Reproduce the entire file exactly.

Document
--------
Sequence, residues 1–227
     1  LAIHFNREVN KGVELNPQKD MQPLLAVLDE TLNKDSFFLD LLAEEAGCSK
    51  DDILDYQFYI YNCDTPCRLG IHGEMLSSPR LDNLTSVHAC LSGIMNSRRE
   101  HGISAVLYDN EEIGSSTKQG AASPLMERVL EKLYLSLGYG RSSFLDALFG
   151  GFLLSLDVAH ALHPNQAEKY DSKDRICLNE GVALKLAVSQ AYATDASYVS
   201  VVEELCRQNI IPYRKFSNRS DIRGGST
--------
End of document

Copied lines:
Sequence, residues 1–227
     1  LAIHFNREVN KGVELNPQKD MQPLLAVLDE TLNKDSFFLD LLAEEAGCSK
    51  DDILDYQFYI YNCDTPCRLG IHGEMLSSPR LDNLTSVHAC LSGIMNSRRE
   101  HGISAVLYDN EEIGSSTKQG AASPLMERVL EKLYLSLGYG RSSFLDALFG
   151  GFLLSLDVAH ALHPNQAEKY DSKDRICLNE GVALKLAVSQ AYATDASYVS
   201  VVEELCRQNI IPYRKFSNRS DIRGGST